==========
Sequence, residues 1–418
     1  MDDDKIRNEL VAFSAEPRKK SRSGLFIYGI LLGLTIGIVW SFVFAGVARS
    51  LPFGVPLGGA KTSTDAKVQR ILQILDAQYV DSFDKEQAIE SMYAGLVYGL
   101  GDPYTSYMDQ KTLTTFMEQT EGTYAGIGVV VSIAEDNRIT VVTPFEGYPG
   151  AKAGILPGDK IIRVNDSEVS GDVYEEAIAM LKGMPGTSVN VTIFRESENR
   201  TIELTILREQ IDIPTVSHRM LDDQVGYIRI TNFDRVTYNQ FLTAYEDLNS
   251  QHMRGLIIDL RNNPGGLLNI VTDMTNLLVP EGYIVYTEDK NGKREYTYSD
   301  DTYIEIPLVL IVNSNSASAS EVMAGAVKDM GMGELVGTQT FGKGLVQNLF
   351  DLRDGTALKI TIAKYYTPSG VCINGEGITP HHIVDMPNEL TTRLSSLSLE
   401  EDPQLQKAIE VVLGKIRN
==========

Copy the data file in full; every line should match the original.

Sequence, residues 1–418
     1  MDDDKIRNEL VAFSAEPRKK SRSGLFIYGI LLGLTIGIVW SFVFAGVARS
    51  LPFGVPLGGA KTSTDAKVQR ILQILDAQYV DSFDKEQAIE SMYAGLVYGL
   101  GDPYTSYMDQ KTLTTFMEQT EGTYAGIGVV VSIAEDNRIT VVTPFEGYPG
   151  AKAGILPGDK IIRVNDSEVS GDVYEEAIAM LKGMPGTSVN VTIFRESENR
   201  TIELTILREQ IDIPTVSHRM LDDQVGYIRI TNFDRVTYNQ FLTAYEDLNS
   251  QHMRGLIIDL RNNPGGLLNI VTDMTNLLVP EGYIVYTEDK NGKREYTYSD
   301  DTYIEIPLVL IVNSNSASAS EVMAGAVKDM GMGELVGTQT FGKGLVQNLF
   351  DLRDGTALKI TIAKYYTPSG VCINGEGITP HHIVDMPNEL TTRLSSLSLE
   401  EDPQLQKAIE VVLGKIRN